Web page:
RE: how to close html tags : link, meta,...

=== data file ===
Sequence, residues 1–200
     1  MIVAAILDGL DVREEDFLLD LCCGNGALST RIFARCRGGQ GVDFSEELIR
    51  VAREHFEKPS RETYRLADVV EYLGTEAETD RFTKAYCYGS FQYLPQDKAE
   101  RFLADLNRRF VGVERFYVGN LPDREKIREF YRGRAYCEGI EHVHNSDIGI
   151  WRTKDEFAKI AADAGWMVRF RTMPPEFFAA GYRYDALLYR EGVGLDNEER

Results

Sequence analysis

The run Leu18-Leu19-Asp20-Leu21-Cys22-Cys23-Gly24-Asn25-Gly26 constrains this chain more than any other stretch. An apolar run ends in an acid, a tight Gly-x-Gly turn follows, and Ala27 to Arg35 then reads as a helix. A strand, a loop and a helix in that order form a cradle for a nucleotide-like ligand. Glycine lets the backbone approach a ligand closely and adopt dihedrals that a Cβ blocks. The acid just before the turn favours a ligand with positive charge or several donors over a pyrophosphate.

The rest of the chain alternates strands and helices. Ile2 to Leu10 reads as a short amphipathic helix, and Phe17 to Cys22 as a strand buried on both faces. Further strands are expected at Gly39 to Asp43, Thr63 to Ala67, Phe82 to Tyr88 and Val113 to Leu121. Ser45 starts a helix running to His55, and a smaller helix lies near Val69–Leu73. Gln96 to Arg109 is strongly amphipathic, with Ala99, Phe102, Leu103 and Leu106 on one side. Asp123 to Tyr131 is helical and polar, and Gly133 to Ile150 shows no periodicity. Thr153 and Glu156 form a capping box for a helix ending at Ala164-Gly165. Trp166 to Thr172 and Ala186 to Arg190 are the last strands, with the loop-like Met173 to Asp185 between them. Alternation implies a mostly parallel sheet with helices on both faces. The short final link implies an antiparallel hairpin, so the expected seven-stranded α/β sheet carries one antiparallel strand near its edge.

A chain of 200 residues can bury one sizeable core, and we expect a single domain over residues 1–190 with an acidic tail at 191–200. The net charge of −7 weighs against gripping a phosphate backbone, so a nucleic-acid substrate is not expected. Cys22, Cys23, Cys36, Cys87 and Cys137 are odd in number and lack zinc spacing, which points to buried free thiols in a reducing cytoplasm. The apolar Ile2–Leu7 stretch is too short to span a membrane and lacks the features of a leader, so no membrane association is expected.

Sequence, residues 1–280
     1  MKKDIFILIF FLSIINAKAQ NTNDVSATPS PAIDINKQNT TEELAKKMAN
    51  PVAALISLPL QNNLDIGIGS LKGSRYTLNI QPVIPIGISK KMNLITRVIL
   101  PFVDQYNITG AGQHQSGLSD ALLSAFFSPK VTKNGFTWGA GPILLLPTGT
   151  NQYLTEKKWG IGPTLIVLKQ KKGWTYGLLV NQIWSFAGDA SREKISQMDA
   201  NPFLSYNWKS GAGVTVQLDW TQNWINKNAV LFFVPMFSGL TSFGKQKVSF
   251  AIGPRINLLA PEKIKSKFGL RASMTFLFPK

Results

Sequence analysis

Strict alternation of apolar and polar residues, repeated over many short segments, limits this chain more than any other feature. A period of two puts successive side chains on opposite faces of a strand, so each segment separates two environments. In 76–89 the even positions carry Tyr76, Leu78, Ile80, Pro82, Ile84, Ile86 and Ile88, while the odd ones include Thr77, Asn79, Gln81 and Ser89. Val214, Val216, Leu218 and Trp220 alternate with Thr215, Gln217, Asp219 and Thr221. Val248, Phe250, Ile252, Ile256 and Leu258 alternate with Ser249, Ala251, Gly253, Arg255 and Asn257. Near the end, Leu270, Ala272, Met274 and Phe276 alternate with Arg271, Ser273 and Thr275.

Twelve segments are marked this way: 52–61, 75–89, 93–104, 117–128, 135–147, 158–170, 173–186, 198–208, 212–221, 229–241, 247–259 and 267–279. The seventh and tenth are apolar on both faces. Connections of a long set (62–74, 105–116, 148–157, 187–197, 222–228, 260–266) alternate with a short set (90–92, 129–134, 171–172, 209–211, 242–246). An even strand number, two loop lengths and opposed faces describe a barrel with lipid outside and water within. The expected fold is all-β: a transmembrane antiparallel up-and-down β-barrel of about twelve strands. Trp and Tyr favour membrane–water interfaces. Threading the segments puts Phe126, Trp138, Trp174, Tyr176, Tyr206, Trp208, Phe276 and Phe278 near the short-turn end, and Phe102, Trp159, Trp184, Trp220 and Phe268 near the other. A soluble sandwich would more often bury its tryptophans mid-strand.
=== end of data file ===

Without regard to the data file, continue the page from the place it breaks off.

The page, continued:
> > I don't understand. I'm it states that all element's in the xhtml dtd > > that are not declared as empty should have a closing tag. Those that > > are declared as empty may or may not have a closing tag (in other words > > may or may not use the empty element syntax). > > Nope. It says: > > "Elements that are declared in the DTD as EMPTY can have an end tag or can > use empty element shorthand (see Empty Elements)." > > That is, "<foo></foo>" is allowed and "<foo/>" is allowed. Just "<foo>" is > not, because that's not wellformed XML. Sorry to go on but... <div> *is not* declared as empty, so it must be <div></div> <img> *is* declared as empty, therefore it can be <img/> or <img></img> That is my reading of the spec, please someone tell me if I am wrong. > > Nor do a lot of features, but they are here and being used everyday. > > Saying 'it doesn't matter for xml' is being very short sited. > > But after all you *are* using XSLT's XML output method. An in XML, it > doesn't matter. An application that claims compliance to the XML spec > (such > as an XHTML browser) MUST accept both notations. Good. Well lets have the option to generate BOTH notations, and not have the processor randomly decide when it sees fit (as in msxml). > > I give up.... > > Again: it's known that IE does not support XHTML. Why don't you simply > serve > HTML instead? Because 90+% of the worlds uses IE. IE has a lot of useful featues specific to IE. Everyone that uses windows has a copy. If you are writing an app that is going to be deployed on a windows machine that needs a browser, IE seems like a good choice. So good so far. Now the app you are writing gets quite complicated. You need to use XMLFilters on the data going in, and XMLFilters on the data going out. You need to use the XML output method. Everything is great, apart from one little thing - your processor minimises the elements. As both kind of elements are legal (minimised and non-minimised) you think that you would be given the choice of which to produce. You're not. I can fully understand the purist xml stance, but I can also see that this is cutting of your nose to spite your face. If both forms are legal, and it makes no difference to the xml community, why all the resistance? andrew XSL-List info and archive: http://www.mulberrytech.com/xsl/xsl-list
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